@Craig I'm all for changing things, but too many changes and it starts to feel like someone else's vision. How awful to go through seven drafts. I told Susan that I had an editor who told me my story could not work the way I had written it. Like this person questioned my creativity and found it lacking.

  19. @Ella Alternating DNA is a great description for some of the changes editors expect writers to make. I'm so happy you enjoyed my post and were able to take something from it.

    @Empty Nester Oh how I remember those red-inked papers. They were sure easier to do than composing a whole paper, but man it sure made you feel incompetent. :)

  20. Melissa, I understand how it is when we have our babies growing in a particular direction and get a whiff that it might not be totally the right one. I've had to make some addition that improved my work.

    Luckily for me, the changes my editor suggested for my last project, I could see through, but there have been times when critique partners suggested changes that rankled, but were better for the book in the end.

  21. @J.L. My changes have mostly all been for the better, but I did run into one editor who just seemed to hate my story, period. There were so many revisions it was no longer my story, our story.

  22. Hello fellow insecure writer :-)
    I think that 95% of the time you really can tell the difference between a book that's been through an agent and editor, and one that hasn't... Hope to get an editor to look at my book someday soon! I'm querying agents now...

  23. What?! You mean everything I write isn't automatically PUUUUUUUURE GENIUS?!??! Nooooooooooo!

    Haha ( : Jk!

    This is actually fantastic advice. When I first joined a critique group, it was TOUGH swallowing all those red pen marks blemishing my precious manuscript! [Because of course, its my baby. And its perfect. Ha!] But after my pride has been mangled so many times, I think I can handle a few more compromises with the publisher. ESPECIALLY if it means... well... publication. [So says the girl who has never actually been mangled to death by a REAL editor... gulp.]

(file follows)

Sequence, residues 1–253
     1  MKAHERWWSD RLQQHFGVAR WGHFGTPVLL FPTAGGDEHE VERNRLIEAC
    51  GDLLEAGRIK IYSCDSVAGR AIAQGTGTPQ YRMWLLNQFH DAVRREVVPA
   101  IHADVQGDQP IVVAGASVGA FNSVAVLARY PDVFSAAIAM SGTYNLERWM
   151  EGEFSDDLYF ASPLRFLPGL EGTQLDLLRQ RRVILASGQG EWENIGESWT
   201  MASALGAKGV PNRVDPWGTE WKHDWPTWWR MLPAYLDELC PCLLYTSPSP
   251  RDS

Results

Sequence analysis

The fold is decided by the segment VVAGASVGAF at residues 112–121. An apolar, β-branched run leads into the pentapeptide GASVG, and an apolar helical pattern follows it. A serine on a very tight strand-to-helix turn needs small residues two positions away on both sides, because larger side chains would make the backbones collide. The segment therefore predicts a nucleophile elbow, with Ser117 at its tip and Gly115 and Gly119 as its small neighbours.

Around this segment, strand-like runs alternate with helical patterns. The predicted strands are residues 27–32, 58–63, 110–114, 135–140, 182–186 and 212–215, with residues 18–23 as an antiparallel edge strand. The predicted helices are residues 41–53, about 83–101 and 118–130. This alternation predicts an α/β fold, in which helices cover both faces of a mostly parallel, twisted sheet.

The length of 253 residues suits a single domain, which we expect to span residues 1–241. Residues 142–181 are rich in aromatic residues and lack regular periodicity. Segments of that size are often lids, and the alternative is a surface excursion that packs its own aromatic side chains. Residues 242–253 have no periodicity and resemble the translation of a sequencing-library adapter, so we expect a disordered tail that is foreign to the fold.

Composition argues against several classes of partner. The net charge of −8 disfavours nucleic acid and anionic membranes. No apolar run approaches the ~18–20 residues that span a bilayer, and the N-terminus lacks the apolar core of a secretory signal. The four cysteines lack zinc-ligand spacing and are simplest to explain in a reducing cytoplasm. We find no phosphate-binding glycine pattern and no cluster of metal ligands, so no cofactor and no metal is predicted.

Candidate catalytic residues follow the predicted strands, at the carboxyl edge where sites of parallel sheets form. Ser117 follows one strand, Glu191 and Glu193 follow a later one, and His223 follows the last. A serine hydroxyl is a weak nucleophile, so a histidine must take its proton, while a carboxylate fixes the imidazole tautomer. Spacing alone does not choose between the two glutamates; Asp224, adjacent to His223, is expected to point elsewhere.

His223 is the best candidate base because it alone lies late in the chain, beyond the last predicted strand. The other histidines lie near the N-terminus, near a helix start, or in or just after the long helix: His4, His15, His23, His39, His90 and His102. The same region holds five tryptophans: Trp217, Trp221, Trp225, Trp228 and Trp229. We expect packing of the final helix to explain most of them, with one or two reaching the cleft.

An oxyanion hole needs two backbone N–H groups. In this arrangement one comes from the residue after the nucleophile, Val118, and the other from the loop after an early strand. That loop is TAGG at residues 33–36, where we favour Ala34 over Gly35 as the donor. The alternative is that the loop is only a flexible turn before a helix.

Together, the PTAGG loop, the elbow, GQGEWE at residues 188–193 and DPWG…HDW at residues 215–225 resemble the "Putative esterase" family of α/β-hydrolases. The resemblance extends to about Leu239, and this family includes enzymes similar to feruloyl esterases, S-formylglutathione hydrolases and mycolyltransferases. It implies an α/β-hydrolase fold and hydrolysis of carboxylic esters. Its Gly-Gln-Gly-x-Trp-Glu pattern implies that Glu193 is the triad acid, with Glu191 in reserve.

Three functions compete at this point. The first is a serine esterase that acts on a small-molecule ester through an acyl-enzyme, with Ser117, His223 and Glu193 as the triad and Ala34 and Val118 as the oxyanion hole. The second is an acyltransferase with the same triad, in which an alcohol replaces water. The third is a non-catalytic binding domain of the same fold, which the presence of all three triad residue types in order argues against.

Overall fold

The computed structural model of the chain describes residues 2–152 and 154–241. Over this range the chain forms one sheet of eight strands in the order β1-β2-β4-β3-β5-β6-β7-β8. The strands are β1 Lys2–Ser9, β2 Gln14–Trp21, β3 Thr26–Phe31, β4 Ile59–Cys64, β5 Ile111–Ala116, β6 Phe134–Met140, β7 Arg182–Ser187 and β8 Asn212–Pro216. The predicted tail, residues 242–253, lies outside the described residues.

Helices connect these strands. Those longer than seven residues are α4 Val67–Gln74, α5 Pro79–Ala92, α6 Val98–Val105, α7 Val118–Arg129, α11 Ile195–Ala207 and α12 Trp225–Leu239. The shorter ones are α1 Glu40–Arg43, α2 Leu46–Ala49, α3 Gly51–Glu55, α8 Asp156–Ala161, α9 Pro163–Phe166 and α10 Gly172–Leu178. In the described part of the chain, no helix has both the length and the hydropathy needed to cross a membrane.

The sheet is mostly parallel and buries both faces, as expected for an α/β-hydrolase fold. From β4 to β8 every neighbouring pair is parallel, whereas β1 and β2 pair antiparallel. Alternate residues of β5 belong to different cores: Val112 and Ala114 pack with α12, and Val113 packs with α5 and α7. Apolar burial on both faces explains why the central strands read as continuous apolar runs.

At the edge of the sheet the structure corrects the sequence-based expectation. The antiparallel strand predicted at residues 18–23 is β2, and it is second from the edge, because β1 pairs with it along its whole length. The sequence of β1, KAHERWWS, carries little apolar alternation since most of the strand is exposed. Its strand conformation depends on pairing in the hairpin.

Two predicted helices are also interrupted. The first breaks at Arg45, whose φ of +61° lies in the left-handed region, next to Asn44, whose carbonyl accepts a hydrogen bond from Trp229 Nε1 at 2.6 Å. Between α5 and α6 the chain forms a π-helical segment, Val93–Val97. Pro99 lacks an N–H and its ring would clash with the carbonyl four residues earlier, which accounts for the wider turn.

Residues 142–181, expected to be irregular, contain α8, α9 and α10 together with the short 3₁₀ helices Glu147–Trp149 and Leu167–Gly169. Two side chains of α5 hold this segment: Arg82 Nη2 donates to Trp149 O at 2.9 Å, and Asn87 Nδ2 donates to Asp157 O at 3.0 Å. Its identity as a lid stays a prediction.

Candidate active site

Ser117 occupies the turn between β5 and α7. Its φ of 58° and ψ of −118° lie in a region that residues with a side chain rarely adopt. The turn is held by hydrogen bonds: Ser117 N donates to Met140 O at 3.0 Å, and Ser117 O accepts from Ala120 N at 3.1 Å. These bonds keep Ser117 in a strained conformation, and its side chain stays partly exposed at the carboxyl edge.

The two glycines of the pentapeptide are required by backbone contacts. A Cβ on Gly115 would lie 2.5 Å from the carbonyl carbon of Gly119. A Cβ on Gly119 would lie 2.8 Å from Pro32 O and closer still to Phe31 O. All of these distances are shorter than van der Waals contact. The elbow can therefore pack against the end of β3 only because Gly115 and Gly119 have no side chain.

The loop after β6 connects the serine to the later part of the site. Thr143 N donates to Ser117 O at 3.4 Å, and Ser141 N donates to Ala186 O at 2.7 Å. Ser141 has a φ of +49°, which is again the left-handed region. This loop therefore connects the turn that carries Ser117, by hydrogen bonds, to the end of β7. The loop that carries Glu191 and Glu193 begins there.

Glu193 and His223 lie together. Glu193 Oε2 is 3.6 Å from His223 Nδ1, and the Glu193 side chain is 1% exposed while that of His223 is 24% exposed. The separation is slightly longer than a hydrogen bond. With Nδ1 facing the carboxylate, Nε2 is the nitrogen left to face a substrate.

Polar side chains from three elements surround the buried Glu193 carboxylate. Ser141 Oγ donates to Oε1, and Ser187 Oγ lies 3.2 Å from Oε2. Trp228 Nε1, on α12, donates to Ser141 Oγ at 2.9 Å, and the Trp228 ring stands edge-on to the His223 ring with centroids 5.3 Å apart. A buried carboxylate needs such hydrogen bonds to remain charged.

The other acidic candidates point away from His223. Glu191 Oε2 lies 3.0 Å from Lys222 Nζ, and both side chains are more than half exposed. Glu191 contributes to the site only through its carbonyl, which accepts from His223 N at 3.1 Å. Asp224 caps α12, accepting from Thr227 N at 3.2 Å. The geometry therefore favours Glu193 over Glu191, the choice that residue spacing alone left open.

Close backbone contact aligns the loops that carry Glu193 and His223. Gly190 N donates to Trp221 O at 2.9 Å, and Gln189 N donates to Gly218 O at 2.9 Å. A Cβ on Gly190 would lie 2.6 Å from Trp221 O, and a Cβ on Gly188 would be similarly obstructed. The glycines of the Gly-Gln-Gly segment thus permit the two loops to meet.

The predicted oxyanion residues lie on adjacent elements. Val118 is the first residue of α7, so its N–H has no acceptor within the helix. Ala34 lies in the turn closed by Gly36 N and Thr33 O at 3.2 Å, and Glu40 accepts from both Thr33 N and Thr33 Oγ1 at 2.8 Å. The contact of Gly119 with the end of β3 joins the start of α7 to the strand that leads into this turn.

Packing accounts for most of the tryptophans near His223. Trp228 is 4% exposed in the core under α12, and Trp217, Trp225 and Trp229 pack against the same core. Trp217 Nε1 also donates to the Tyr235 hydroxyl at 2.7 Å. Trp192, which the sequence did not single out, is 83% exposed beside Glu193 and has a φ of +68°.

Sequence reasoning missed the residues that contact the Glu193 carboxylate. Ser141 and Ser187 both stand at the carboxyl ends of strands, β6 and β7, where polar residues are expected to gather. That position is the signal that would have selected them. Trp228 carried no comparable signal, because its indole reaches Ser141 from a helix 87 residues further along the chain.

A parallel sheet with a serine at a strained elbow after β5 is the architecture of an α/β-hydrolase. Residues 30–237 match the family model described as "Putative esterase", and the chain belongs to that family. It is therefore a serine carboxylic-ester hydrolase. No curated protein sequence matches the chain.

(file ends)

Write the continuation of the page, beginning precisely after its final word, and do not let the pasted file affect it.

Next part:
Great post! Its tough advice we ALL need to hear.

    P.s. New follower!

  24. @Deniz I agree. There is something about that go through by a professional trained to spot weak content and finer points that really gives a manuscript that extra edge. Another pair of eyes is best because most of the time we writers are too close to our work and our brains will automatically correct the mistakes. Good luck with getting an agent. I know it will happen for you. You're an incredible writer. :)

    @Julie Hey!! welcome to the craziness of the Imaginarium. I'm so happy you've decided to join me on my rambling adventures.

    Having our babies skewered is so not fun, but most critiques will only make them better. Especially when publication is the end game. Editors know what their readers are looking for and almost always their crits make our stories better. But I am always here when the revision blues get you down. :)

  25. Oh gosh, I'm totally with you. I don't mind line edits, etc., but the ones that ask you to change you story line - noooooo! That's awful. Hopefully its all worth it though, right?
    Great post!
    - http://pensuasion.blogspot.com/

  26. @S.L. HI! Thanks for dropping by, it's great to have you here. Those content edits sure can get you down. I think at the end it is all worth it because it's about putting your very best book out there for the readers.